Good morning. As you check your brackets (who picked Belmont?), here’s a look around Washington:
Congressional lawmakers are still in their home districts (with a few in more exotic locations, like India, in the case of House Speaker Nancy Pelosi). The Supreme Court is in the middle of March oral arguments.
Monday brings the first afternoon oral argument session of the term, with the Court hearing three cases:
In Burgess v. United States, the Court will consider when a federal law hiking the minimum mandatory sentence for a drug distribution charge is triggered.
In United States v. Clintwood Elkhorn Mining, the Court will hear arguments on whether taxpayer refund claims under the Tucker Act, which has a six-year statute of limitations, are preempted by the United States Tax Code, which has a three-year statute of limitations.
In the afternoon Monday, the Court considers whether the Voting Rights Act of 1965 requires Alabama to pre-clear two state court decisions invalidating state and local laws creating a special election for local officials in Riley v. Kennedy.
Tuesday, Attorney General Michael Mukasey will argue the government’s case to the justices in United States v. Ressam.
The Court will also hear whether U.S. courts have jurisdiction to hear habeas corpus petitions brought on behalf of U.S. citizens detained overseas by American military authorities in Munaf v. Geren.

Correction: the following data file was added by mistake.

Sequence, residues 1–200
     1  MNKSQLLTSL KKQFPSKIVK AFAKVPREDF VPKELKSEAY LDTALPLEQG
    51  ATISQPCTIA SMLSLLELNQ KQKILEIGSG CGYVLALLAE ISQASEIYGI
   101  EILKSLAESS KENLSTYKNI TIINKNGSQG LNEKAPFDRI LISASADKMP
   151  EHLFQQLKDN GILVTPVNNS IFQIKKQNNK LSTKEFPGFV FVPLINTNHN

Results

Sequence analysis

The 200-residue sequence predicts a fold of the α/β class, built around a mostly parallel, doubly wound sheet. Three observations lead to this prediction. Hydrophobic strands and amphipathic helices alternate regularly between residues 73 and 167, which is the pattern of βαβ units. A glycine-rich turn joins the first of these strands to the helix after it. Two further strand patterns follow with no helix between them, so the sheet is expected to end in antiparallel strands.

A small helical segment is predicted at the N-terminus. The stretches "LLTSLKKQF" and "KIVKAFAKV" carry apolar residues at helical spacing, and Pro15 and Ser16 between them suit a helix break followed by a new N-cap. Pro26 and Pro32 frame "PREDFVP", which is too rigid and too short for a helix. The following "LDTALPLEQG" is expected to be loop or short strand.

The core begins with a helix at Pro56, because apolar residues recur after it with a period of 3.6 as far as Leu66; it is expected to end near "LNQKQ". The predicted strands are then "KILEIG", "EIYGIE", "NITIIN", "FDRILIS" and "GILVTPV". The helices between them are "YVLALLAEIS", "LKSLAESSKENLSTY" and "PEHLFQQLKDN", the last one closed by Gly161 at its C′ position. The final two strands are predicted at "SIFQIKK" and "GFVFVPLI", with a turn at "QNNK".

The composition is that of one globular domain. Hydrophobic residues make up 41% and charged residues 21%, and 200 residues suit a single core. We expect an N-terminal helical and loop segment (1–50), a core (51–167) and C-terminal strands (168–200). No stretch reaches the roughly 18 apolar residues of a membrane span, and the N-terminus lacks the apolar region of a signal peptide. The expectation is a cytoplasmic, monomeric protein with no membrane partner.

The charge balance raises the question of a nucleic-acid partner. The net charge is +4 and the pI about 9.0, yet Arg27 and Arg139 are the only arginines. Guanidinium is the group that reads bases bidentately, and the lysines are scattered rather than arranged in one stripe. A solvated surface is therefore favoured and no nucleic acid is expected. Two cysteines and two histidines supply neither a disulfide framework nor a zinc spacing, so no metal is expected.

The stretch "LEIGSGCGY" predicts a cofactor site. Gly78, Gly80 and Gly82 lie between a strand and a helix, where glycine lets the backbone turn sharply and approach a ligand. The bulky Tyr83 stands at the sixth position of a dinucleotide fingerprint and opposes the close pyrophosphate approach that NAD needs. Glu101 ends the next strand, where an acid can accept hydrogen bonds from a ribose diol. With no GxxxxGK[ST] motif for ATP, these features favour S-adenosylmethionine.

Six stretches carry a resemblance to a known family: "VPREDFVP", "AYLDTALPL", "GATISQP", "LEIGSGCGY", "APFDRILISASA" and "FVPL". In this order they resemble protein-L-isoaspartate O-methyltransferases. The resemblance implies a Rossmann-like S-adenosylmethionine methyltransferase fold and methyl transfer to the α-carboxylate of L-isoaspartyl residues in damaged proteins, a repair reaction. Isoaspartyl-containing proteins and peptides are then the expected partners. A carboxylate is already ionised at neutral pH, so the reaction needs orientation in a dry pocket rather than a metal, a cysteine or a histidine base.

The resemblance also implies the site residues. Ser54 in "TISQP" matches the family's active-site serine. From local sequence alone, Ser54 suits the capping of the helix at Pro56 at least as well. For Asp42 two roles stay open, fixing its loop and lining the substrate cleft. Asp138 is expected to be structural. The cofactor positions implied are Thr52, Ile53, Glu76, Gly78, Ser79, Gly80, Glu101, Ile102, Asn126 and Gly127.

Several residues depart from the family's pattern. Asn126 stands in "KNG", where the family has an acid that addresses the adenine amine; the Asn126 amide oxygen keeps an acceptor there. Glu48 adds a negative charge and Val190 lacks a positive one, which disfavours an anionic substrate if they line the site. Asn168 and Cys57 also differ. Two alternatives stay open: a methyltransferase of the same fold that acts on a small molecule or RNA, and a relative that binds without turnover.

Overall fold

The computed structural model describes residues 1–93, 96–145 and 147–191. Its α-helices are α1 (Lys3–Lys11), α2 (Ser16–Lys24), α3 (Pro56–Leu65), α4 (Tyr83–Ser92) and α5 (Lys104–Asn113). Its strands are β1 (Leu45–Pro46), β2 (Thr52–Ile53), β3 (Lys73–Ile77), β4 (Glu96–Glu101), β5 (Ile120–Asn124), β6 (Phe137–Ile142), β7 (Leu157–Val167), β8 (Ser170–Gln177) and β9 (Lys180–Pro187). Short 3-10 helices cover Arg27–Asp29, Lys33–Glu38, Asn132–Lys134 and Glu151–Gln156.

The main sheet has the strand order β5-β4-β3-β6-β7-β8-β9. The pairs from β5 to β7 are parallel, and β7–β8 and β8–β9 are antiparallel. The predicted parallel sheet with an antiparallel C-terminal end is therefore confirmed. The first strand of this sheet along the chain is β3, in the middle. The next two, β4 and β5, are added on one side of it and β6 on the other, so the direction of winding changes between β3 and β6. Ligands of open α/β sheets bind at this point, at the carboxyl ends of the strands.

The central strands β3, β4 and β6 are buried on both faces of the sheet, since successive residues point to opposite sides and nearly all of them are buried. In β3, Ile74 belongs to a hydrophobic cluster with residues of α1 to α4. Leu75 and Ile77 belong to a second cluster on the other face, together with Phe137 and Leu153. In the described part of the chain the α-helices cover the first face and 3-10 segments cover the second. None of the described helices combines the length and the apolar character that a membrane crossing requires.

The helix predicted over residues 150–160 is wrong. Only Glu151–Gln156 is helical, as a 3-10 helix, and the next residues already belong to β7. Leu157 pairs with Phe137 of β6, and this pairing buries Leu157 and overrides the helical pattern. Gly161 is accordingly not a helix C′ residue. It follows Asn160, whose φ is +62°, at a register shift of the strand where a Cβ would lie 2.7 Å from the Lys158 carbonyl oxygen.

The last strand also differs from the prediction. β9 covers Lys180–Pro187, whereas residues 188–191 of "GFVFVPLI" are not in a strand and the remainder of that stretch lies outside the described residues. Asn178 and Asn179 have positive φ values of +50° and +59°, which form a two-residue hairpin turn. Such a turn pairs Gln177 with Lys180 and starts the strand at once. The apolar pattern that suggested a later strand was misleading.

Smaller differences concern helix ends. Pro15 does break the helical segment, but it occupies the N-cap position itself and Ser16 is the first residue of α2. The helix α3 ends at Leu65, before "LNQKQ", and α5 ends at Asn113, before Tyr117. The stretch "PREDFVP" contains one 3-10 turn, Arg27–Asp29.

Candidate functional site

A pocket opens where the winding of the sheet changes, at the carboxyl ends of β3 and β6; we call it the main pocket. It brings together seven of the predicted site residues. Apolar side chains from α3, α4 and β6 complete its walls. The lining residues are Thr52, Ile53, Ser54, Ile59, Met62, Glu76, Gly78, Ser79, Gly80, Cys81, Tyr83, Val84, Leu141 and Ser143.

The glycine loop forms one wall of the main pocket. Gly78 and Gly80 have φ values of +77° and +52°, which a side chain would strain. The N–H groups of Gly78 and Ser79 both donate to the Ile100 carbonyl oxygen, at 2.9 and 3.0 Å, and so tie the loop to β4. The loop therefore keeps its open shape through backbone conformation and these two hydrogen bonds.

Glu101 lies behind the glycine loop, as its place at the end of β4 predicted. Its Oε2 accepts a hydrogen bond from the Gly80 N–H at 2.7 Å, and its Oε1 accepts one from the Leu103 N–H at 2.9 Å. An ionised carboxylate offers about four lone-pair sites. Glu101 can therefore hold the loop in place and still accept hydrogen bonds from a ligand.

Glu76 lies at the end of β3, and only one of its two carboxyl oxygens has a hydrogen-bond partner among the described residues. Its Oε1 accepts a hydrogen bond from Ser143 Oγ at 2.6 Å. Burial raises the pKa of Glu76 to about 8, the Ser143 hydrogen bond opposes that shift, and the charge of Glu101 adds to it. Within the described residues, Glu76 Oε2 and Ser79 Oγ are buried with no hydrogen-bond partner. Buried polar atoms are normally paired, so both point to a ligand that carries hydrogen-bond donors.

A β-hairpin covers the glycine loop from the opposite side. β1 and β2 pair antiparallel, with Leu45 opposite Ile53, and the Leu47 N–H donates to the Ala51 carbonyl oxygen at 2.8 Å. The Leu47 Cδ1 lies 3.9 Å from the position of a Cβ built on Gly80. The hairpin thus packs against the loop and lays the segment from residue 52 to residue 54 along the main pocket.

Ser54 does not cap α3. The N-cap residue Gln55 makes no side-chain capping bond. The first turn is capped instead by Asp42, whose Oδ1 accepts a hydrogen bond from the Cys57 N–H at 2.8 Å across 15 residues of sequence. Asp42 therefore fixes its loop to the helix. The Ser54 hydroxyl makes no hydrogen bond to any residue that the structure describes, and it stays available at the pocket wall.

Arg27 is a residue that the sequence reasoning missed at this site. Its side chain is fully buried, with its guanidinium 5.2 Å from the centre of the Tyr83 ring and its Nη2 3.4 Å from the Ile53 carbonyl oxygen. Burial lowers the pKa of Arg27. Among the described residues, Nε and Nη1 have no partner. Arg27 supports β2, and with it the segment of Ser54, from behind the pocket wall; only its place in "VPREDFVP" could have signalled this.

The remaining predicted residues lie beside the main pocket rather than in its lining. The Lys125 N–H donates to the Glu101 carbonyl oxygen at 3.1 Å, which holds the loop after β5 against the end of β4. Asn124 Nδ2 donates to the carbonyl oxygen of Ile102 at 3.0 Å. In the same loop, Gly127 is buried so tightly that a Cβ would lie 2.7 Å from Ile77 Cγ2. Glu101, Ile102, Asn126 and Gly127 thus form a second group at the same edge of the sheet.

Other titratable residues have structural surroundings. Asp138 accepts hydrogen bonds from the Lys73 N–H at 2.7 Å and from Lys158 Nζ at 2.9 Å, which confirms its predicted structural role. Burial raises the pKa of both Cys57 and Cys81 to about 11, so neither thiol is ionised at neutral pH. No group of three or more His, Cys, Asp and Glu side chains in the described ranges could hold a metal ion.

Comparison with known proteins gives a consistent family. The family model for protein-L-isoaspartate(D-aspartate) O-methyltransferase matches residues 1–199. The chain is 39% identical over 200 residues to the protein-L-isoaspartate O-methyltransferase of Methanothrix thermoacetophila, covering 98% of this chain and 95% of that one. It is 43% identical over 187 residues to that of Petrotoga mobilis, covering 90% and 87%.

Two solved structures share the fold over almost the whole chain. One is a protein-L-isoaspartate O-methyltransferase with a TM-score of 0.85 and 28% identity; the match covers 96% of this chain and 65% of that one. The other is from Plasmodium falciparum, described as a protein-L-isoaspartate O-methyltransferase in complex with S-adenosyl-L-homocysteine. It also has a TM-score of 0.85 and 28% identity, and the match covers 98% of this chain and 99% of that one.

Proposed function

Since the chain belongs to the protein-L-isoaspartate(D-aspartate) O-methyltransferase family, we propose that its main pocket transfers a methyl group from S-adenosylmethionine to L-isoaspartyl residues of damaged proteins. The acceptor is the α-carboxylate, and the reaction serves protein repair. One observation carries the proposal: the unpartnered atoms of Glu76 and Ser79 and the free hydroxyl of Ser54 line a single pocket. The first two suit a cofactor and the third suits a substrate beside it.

Wednesday, the Court hears arguments in Indiana v. Edwards, asking whether a criminal defendant need only be “literate, competent, and understanding” to invoke his Sixth Amendment right to self-representation.
And in Florida Department of Revenue v. Piccadilly Cafeterias, the Court will hear whether the Bankruptcy Code prohibits states from imposing taxes on pre-confirmation asset sales that are essential to the completion of a reorganization plan.
(Summaries from the folks at the Oyez Project)
Scooter Libby got disbarred. (WaPo).
The chairman of the House Financial Services Committee said Wednesday he will push for stricter federal regulation of investment banks (AP).
The White House says the reason President Bush’s popularity rating is so low is because he’s doing a good job. (AP)
The Bush Administration has announced that up to 10 states will be able to use alternative standards under the federal No Child Left Behind law. The administration said the move is meant to help struggling students, but critics of the law said it is evidence that it is simply not working. (AP)